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edge, unprecedented, and there is no doubt in my mind that it helped to stop the fighting and save the lives of young soldiers. At that time, Tiempos del Mundo did not exist. But I am completely sure that newspaper will play a very important role if a similar future situation arises. Reverend Moon, to no one's surprise, is a controversial character. He can be judged from very many standpoints. But his contribution to freedom of the press and to the spread of ideas that are directly or indirectly related to world peace is impossible to deny. In two occa-

sions I have had the pleasure of being invited by the World Media Association to express my ideas on several subjects related to journalism, and I have done it feeling myself in a free environment where people's ideas are fully respected, which does not necessarily mean that they are shared. This free interchange of ideas is the basis not only of democracy but also of world peace. Some people ask themselves "why?" when confronted with the idea to struggle for the world peace. I am sure Reverend Moon belongs to the group that ask themselves "Why not?"

Standing Firm

S. Abdallah Schleifer

Former NBC News Cairo Bureau Chief; Founder and Director of the Adham Center for Television Journalism at the American University in Cairo

lthough Rev. Sun Myung Moon is rightly thought of as a religious leader, one of the reasons why I so deeply appreciate his contribution in my field--which is the media--is precisely the way he has managed a viable and responsible relationship between his own role (and religious beliefs) and the World Media Association (WMA), with which I have been associated for nearly twenty years. And the observations I will make that have a direct bearing on the World Media Association, which Reverend Moon founded in 1978 to explore issues related to media ethics and responsibility, also apply to a very impressive list of nonsectarian publications that Reverend Moon has sponsored that function in the sphere of public political, cultural, and social discourse When I was trying to describe that relationship I first used but finally deleted the word correct because of its association with the sort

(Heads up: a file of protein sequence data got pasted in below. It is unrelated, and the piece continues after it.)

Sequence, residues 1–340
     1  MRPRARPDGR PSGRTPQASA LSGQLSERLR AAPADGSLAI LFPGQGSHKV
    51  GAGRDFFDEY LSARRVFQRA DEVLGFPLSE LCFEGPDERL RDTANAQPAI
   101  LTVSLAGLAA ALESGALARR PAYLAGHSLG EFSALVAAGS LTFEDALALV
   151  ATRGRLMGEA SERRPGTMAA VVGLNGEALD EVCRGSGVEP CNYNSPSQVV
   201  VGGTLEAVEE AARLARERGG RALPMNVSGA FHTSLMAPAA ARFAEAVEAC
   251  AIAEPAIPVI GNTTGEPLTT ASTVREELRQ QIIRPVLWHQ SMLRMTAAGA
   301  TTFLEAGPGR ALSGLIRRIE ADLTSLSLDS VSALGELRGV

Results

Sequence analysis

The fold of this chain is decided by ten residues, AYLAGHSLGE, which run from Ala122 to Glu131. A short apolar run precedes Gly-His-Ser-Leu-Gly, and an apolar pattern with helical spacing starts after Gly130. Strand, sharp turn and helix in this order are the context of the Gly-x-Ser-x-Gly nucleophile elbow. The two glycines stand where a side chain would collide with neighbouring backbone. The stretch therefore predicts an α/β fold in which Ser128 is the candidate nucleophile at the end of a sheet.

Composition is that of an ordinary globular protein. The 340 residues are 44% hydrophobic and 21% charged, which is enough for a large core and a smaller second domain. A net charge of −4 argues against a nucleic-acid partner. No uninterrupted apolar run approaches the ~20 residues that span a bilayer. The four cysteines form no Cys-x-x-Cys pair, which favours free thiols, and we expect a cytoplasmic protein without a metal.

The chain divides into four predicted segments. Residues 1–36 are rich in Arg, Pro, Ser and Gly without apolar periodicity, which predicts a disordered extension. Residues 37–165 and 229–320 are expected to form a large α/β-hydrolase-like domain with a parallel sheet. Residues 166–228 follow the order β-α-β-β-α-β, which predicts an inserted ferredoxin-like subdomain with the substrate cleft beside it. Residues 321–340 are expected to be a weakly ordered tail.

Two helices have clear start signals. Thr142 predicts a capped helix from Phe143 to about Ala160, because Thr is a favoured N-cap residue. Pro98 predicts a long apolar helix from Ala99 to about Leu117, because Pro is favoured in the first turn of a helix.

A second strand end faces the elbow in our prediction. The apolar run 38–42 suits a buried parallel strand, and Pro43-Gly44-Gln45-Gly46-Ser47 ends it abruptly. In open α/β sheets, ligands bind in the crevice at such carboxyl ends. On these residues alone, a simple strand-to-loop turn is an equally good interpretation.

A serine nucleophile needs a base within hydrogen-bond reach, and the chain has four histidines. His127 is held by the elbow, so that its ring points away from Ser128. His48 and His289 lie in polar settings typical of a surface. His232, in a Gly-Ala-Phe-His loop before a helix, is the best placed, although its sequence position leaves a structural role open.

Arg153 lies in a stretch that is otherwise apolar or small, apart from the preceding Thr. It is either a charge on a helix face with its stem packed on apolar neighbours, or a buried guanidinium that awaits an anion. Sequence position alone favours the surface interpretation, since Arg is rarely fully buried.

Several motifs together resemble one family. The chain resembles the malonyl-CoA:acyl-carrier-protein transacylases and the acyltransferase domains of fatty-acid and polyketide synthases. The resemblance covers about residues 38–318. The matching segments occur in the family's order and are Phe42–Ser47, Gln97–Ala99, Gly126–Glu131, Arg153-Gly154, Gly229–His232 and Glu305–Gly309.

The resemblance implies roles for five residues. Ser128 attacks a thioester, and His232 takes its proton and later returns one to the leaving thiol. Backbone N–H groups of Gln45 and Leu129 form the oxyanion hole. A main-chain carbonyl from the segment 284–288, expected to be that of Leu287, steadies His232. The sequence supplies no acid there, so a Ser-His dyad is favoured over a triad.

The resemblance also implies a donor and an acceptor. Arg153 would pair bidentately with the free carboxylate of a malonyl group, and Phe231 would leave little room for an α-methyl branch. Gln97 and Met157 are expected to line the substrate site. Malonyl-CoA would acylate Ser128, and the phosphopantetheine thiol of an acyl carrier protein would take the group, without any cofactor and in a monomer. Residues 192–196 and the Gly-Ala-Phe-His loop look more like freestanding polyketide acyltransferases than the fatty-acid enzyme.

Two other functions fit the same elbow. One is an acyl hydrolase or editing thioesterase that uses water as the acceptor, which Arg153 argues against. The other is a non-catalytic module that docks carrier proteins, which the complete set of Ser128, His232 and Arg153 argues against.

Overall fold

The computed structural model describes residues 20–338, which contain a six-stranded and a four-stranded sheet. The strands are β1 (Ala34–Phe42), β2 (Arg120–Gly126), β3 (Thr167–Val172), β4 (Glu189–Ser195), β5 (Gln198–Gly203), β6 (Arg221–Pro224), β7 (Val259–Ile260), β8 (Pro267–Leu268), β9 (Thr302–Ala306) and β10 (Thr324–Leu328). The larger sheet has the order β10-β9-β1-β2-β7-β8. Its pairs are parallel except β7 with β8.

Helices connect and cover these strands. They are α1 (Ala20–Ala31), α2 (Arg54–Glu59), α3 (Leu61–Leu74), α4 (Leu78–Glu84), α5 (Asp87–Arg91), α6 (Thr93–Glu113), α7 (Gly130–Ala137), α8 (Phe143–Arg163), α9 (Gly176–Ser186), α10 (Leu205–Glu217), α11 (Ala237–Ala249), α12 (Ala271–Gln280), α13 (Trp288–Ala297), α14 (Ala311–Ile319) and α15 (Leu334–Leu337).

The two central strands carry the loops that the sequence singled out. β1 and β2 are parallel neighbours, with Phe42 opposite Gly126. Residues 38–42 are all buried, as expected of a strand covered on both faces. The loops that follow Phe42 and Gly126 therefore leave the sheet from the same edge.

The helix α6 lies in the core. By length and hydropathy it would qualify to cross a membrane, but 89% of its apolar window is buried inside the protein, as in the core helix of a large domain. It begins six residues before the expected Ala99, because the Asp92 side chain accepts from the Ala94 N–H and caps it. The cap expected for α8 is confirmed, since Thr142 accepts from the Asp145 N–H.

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of thought control that almost monopolized discourse and even theoretically objective reporting at the level of our national media elite only a few decades ago. I allude of course to being "politically correct," a phrase that has lost much of its sharp definitiveness but which was terribly clear in its intentions at that time. Given Reverend Moon's role in supporting a media organization as well as publications that played a major part in challenging and discrediting that dangerous monopoly of thought in the practice of American journalism, I felt it would be ludicrous to use the word correct. That is unfortunate, for if we use the word correct as it has always been understood before it became tainted by a particular partisan cant, then we would describe Reverend Moon's relationship to the nonsectarian media organization and publications that he launched as thoroughly correct. By that I mean that while the doctrine of the Unification Church has never figured on the pages of these publications, or in the panel discussions of the WMA, there is a core of religiously derived ethical values shared by Rev Moon and the overwhelming majority of participants in the WMA and of the staff and contributors to those publications, who have no ties at all to the Unification Church and who in many cases are devout followers of other religious bodies. This is very much in an American tradition that our country sadly turned away from in the post­World War II years, particularly from the 1960s onward. So it is almost ironic that it was a religious leader